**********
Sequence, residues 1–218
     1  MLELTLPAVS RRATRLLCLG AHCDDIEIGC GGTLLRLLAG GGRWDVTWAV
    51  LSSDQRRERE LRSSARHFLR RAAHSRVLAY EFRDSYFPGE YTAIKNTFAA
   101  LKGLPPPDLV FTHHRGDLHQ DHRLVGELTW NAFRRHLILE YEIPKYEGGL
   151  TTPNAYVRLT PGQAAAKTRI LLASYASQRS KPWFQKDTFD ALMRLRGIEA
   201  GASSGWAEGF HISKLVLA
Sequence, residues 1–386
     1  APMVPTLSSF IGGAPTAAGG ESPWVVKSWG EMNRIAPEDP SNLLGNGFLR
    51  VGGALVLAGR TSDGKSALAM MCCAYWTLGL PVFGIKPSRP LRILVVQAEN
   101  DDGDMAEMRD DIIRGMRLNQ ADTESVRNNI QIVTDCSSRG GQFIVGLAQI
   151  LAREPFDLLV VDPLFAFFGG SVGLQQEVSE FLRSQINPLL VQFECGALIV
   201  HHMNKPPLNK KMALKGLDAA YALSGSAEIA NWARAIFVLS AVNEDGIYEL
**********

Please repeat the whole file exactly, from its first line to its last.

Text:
Sequence, residues 1–218
     1  MLELTLPAVS RRATRLLCLG AHCDDIEIGC GGTLLRLLAG GGRWDVTWAV
    51  LSSDQRRERE LRSSARHFLR RAAHSRVLAY EFRDSYFPGE YTAIKNTFAA
   101  LKGLPPPDLV FTHHRGDLHQ DHRLVGELTW NAFRRHLILE YEIPKYEGGL
   151  TTPNAYVRLT PGQAAAKTRI LLASYASQRS KPWFQKDTFD ALMRLRGIEA
   201  GASSGWAEGF HISKLVLA
Sequence, residues 1–386
     1  APMVPTLSSF IGGAPTAAGG ESPWVVKSWG EMNRIAPEDP SNLLGNGFLR
    51  VGGALVLAGR TSDGKSALAM MCCAYWTLGL PVFGIKPSRP LRILVVQAEN
   101  DDGDMAEMRD DIIRGMRLNQ ADTESVRNNI QIVTDCSSRG GQFIVGLAQI
   151  LAREPFDLLV VDPLFAFFGG SVGLQQEVSE FLRSQINPLL VQFECGALIV
   201  HHMNKPPLNK KMALKGLDAA YALSGSAEIA NWARAIFVLS AVNEDGIYEL